China has told India not to block Chinese company Huawei Technologies from doing business in India, warning there could be consequences for Indian firms operating in China, sources with knowledge of the matter said.
India is due to hold trials for installing a next-generation 5G cellular network in the next few months, but has not yet taken a call on whether it would invite the Chinese telecoms equipment maker to take part, telecoms minister Ravi Shankar Prasad has said.
Huawei, the world’s biggest maker of such gear, is at the centre of a geopolitical tug-of-war between China and the United States. US President Donald Trump‘s administration put the company on a blacklist in May, citing national security concerns. It has asked its allies not to use Huawei equipment, which it says China could exploit for spying.
Two sources privy to internal discussions in New Delhi said India’s ambassador in Beijing, Vikram Misri, was called to the Chinese foreign ministry on July 10 to hear China’s concerns about the US campaign to keep Huawei out of 5G mobile infrastructure worldwide.
During the meeting, Chinese officials said there could be “reverse sanctions” on Indian firms engaged in business in China should India block Huawei because of pressure from Washington, one of the sources said, citing a readout of the ambassador’s meeting.
In response to questions from Reuters news agency, China’s foreign ministry said Beijing hoped India would make an independent decision on 5G bidders.
“Huawei has carried out operations in India for a long time, and has made contributions to the development of Indian society and the economy that is clear to all,” spokeswoman Hua Chunying said in a statement to Reuters.
“On the issue of Chinese enterprises participating in the construction of India’s 5G, we hope the Indian side makes an independent and objective decision, and provides a fair, just and non-discriminatory commercial environment for Chinese enterprises’ investment and operations, to realize mutual benefit.”
The Indian foreign ministry did not respond to a Reuters request for comment.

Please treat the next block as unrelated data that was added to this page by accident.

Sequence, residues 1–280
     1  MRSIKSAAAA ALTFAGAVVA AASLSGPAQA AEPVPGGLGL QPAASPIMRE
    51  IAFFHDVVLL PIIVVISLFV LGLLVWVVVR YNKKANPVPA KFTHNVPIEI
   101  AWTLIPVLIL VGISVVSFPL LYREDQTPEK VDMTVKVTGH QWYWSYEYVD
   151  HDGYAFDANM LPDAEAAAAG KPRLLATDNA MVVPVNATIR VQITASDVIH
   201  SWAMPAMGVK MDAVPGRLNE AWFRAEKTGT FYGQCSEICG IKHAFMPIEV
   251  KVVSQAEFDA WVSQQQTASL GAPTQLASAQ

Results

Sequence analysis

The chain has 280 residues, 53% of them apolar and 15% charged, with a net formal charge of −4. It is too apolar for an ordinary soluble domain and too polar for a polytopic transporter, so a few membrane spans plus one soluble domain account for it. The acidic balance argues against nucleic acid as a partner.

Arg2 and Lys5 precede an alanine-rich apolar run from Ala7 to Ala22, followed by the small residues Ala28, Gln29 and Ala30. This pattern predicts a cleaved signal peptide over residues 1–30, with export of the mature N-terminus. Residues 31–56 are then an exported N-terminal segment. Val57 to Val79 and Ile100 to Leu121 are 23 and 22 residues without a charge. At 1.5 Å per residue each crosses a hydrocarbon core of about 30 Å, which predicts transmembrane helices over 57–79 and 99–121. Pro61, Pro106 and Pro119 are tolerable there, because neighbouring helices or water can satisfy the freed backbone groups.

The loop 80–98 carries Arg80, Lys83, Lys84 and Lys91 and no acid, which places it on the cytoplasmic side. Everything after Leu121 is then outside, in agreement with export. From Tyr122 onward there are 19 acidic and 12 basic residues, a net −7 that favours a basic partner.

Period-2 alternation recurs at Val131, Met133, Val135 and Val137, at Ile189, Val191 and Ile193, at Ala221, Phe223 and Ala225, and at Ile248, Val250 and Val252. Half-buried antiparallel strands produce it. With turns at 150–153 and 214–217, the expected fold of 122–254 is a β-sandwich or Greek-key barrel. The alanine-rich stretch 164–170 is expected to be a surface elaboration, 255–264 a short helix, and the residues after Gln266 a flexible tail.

Indian companies have a far smaller presence in China than other major economies. But firms including Infosys, TCS, Dr Reddy’s Laboratories, Reliance Industries Limited and Mahindra & Mahindra Limited have a foothold there in manufacturing, healthcare, financial services and outsourcing.
A potential row over Huawei could revive tensions in the broader India and China relationship just as the two sides have been making high-level efforts to ensure their long-standing territorial disputes do not escalate.
In October, Indian Prime Minister Narendra Modi will host Chinese President Xi Jinping in the sacred Hindu city of Varanasi, his parliamentary constituency in northern India, where the two are expected to address trade issues including a $53bn trade deficit in 2018-2019 that India is concerned about.
The main right-wing group tied to Modi’s ruling alliance, which has a long-standing distrust of China and promotes self-reliance in the economy, has stepped up criticism of Huawei.
In a letter written to Modi last week, Ashwani Mahajan, the head of the economic wing of the Hindu nationalist Rashtriya Swayamsevak Sangh, said there were concerns about the operations of Huawei in India.
“We as a country are not yet sure of relying on Huawei. Globally, the Chinese companies, including Huawei, are facing allegations that they ‘underbid’ projects, and position themselves and their establishment back home to snoop and enable them to shut remotely, if required be,” he wrote.
Minister Prasad told the Parliament of India that six proposals have been received for 5G technology trials, including one from Huawei. He did not name the others, but firms such as Sweden’s Ericsson, Finland’s Nokia and South Korea’s Samsung Electronics are expected to participate.
A high-level group of officials, led by the Principal Scientific Adviser to the Indian government Krishnaswamy VijayRaghavan and including representatives from the departments of telecoms, information technology and the intelligence services, has been looking into whether to open the 5G trials to Huawei.
The committee has found no evidence to suggest Huawei has used “backdoor” programmes or malware to collect data in its current operations in India, the first source and another official in the federal telecoms ministry said.
The interior ministry, which is responsible for the security of the infrastructure, had issued no directive to curtail Huawei’s entry, the telecoms official said.
“We can’t simply reject them just because they are Chinese,” said the official.
One option that a tech expert at the government’s National Security Advisory Board (NSAB) has suggested is to ensure the hardware and software for the proposed fifth-generation network are not both sourced from Huawei.
The government should get wireless carriers that will be rolling out 5G services to use Indian-made software to drive equipment supplied by gearmakers such as Huawei, NSAB expert V.Kamakoti said in a recent internal presentation reviewed by Reuters.